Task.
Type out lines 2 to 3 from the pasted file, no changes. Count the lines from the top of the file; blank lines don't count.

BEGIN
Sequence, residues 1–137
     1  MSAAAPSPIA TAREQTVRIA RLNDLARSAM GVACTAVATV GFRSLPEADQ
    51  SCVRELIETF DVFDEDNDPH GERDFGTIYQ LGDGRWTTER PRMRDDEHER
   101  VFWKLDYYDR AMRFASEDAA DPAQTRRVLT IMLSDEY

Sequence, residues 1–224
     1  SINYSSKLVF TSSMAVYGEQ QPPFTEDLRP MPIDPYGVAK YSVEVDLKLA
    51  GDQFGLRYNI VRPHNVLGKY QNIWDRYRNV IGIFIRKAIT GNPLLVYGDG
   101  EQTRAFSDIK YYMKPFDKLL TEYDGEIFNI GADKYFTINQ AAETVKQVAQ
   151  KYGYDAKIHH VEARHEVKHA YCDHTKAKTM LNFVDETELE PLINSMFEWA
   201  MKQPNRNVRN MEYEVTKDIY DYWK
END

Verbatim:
     1  MSAAAPSPIA TAREQTVRIA RLNDLARSAM GVACTAVATV GFRSLPEADQ
    51  SCVRELIETF DVFDEDNDPH GERDFGTIYQ LGDGRWTTER PRMRDDEHER